Colonel Ettinger had previously completed a distinguished career in the US Air Force, where he flew many combat missions over North Vietnam, flew as a test pilot on numerous systems, directed test organizations, and ultimately, served as Vice Commander of the Air Force Flight Test Center, at Edwards Air Force Base. He is sure to have some fascinating and exciting stories to share with us. Bob received a BS degree in Mechanical Engineering and an ROTC commission in the Air Force from UC Berkeley in 1959. While Pilot Training in Texas he flew the T-34, T-37 and the T-33. Bob entered Advanced Air Defense Interceptor Training in the F-102. During this 3-year, 8-month assignment, Bob survived a night head-on collision at about 1,000 knots closing speed and spent 8 hours in 55° water 100 miles off the eastern shore of Northern Japan.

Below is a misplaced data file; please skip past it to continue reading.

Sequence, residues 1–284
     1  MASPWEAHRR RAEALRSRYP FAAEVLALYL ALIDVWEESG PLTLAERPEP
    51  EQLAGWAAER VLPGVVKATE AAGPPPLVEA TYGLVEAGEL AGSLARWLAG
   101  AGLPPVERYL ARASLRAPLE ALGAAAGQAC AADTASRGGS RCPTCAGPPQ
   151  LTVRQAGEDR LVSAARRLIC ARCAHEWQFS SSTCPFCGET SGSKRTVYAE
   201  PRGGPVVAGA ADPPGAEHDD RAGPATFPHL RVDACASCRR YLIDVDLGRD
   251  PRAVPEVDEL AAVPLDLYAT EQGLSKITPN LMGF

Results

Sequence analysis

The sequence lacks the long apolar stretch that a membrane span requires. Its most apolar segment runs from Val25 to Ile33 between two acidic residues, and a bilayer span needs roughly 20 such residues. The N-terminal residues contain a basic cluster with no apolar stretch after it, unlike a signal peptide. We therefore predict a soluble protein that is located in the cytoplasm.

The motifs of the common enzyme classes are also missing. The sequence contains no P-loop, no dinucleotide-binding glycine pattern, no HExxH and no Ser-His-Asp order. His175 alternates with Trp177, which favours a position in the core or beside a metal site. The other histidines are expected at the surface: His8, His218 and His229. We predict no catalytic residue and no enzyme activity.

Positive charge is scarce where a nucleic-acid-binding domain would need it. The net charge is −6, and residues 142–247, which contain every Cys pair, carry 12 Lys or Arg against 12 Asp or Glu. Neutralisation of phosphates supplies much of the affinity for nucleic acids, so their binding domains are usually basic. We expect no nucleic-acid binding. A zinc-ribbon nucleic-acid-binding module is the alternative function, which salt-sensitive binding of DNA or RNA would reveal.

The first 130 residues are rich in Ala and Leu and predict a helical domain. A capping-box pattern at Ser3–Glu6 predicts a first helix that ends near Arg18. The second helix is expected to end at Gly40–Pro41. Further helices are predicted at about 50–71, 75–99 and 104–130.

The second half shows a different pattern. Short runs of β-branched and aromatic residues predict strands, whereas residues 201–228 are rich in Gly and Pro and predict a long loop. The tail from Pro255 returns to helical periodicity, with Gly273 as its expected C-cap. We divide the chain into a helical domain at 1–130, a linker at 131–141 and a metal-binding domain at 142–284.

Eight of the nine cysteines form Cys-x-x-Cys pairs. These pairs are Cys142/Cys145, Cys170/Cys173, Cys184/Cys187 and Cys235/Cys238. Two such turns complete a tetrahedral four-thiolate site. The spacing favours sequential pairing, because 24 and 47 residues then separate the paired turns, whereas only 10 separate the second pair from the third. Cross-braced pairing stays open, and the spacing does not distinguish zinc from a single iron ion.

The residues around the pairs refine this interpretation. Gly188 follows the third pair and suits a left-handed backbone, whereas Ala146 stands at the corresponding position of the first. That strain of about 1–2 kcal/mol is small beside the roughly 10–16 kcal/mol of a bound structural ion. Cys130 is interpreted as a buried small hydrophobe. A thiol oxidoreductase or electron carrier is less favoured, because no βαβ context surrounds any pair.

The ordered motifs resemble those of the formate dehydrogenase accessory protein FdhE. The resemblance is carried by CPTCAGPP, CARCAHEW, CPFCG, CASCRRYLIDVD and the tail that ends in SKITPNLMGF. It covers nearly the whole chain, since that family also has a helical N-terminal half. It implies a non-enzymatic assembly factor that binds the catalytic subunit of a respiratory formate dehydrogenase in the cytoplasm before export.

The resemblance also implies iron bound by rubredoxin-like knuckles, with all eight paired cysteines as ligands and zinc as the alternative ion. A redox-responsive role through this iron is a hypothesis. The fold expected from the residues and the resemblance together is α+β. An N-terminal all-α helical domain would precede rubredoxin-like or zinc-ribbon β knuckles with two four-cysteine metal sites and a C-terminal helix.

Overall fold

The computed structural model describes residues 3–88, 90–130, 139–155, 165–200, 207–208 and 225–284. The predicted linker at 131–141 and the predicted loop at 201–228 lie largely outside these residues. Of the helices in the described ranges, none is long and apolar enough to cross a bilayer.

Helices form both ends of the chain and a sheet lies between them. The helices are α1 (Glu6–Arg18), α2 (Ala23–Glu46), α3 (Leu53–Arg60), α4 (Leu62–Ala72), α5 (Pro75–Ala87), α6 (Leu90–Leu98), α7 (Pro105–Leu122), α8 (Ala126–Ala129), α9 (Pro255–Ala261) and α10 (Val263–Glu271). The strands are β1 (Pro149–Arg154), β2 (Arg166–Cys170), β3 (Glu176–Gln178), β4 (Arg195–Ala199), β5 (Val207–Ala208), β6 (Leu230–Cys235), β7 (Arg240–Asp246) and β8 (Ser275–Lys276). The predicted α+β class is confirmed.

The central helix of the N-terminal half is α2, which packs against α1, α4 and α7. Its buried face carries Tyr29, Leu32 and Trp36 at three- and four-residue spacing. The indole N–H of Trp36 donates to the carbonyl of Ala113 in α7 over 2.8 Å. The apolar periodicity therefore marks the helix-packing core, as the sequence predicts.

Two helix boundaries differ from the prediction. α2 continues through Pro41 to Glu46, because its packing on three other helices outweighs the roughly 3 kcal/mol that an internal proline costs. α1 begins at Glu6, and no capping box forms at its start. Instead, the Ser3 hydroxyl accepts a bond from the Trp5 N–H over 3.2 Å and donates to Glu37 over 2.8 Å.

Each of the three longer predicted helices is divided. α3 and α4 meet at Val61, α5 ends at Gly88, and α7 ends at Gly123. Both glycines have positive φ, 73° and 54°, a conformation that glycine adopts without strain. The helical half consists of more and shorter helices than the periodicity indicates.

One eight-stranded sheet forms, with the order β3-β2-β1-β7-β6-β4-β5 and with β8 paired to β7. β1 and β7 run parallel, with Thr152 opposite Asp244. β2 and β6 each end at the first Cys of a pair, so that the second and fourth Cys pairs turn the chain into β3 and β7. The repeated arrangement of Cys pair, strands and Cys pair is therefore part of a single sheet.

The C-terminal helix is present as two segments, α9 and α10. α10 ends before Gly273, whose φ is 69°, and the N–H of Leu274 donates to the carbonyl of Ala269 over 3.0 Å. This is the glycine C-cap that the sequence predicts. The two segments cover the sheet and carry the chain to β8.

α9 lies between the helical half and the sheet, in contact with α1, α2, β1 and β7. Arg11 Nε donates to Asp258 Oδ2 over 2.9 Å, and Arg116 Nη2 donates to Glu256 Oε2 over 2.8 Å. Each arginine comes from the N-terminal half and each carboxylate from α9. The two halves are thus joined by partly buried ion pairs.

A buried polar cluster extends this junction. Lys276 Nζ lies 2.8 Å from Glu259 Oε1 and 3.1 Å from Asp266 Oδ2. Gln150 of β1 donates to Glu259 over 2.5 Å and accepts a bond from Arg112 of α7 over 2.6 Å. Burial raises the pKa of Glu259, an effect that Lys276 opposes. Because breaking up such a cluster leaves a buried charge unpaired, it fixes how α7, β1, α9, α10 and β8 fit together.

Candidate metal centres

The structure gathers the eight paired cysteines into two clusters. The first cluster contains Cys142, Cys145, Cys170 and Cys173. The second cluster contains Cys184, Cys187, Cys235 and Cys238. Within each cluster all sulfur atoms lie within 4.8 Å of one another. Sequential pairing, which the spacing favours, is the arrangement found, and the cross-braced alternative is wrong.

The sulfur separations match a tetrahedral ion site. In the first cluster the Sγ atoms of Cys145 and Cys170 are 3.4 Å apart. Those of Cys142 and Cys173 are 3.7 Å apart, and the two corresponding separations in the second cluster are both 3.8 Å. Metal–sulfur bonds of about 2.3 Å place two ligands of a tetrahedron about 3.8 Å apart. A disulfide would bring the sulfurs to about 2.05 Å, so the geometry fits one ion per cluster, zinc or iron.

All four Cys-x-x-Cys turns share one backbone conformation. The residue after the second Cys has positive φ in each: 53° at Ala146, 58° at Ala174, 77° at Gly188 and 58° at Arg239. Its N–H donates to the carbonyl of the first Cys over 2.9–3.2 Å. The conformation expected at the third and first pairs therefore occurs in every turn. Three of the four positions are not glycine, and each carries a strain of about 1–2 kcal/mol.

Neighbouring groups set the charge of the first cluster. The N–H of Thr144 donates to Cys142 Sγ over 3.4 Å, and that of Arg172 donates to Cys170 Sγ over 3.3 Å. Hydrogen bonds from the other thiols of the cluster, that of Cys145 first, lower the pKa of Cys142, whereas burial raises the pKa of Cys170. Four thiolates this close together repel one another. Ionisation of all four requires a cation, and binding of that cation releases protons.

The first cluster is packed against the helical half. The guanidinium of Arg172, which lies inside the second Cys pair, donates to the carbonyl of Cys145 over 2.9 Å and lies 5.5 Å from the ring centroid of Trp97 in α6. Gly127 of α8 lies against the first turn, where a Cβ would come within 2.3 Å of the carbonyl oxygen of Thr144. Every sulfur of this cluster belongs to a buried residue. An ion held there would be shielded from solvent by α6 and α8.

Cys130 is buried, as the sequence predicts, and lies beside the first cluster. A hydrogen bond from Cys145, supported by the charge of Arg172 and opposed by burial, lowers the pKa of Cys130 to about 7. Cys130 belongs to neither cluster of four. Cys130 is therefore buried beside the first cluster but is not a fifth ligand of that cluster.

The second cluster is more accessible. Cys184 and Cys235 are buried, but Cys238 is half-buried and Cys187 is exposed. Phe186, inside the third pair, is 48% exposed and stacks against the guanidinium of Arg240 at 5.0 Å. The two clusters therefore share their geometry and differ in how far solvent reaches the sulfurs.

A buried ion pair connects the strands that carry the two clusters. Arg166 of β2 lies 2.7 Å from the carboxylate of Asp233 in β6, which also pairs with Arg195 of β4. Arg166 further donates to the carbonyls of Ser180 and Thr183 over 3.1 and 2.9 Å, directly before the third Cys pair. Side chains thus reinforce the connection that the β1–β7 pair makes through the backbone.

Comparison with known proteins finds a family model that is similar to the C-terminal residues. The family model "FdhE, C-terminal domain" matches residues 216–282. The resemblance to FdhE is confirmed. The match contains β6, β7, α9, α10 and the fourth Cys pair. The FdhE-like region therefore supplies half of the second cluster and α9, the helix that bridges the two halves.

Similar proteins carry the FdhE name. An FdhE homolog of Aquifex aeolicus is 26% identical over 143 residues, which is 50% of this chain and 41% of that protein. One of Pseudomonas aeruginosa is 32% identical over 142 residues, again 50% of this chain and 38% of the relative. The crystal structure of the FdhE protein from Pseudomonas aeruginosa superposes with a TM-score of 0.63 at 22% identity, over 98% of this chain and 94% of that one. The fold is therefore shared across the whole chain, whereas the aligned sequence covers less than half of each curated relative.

After training replacement crews for the F-4 for two years at Elgin AFB, Florida, he joined the 435th Tactical Fighter Squadron and the 8th Tactical Fighter Wing flying the F-4D at Ubon Royal Thai Air Base. He was part of a special six aircrew team trained in the TV guided Walleye glide bomb. These were the first examples of terminally guided bombs that could drop a bridge with a single1,000-pound bomb. Previously it had required 8 flights of 4 with eight 750-pound bombs each to drop the same bridge. The recent Iraqi War was initially completed in a matter of days using almost exclusively terminally guided GPS bombs. Bob flew 130combat missions during the Vietnam War, including 100 over North Vietnam. In 1968 he was selected for the Aerospace Research Pilot School (ARPS) at Edwards AFB. To qualify for this assignment, he took the Astronaut Flight Physical made famous by the movie the Right Stuff. The decision to subject himself to this week-long physical required serious consideration since it left one in thirty pilots irrevocably grounded by some obscure ailment that never would have been discovered by a normal annual flight physical. ARPS consisted of a very strenuous 12-month course of aerodynamics and flight test training including atmosphere flight test and space flight. Bob also flew docking training simulators and zero-g training aircraft. During training he managed to eject from a burning F-104 Starfighter without injury. Colonel Ettinger was assigned to the 4950th Test Wing at Wright-Patterson AFB, Ohio in 1969. He flew many systems tests in the F-4 and F-100. Bob’s most significant flight testing during this assignment was the development of the Survivable Flight Control System F-4 Fly-by-Wire system. During his four year tour at WPAFB Colonel Ettinger earned a Master’s Degree in Aeronautical Engineering from Ohio State University. In 1974 Colonel Ettinger returned to Edwards AFB as Chief of the F-4 Test Team and later a member of the Lightweight Fighter Joint Test Force flying the YF-16 and YF-17. He then became project pilot for the Fighter Control Configured Vehicle (CCV) program, a YF-16 with vertical canards, which allowed flat turns or turns without banking. This was a research project for the Air Force Flight Dynamics Laboratory. When the F-16 entered full scale development, he served as the Operations Officer, and Director of the F-16 Combined Test Force, participating in all phases of the F-16 Full Scale Development. Bob was the first USAF pilot to fly F-16A #1 and F-16A #2. In 1979, he was the co-recipient of the Society of Experimental Test Pilots’ Iven C. Kincheloe “Test Pilot of the Year” award for the successful completion of the hazardous high angle of attack and departure from controlled flight testing of the fly-by-wire and relaxed stability F-16. In 1980, Colonel Ettinger returned to Wright-Patterson AFB as the Chief of the Flight Controls Division of the Flight Dynamics Laboratory. He joined the Aeronautical Systems Division as Director of the A-10 Systems Program Office (SPO) in 1981. In1982, he became the Director of the Fighter/Attack SPO. Colonel Ettinger rejoined the F-16 Program in 1983 as the Deputy Director of the F-16 SPO. He returned to Edwards AFB, CA in 1985 as the Vice Commander of the Air Force Flight Test Center. In this dream job for a test pilot, he had the opportunity to fly every fighter and trainer under test during his tour. Colonel Ettinger retired from the Air Force in 1987 to become an executive in the aerospace industry.


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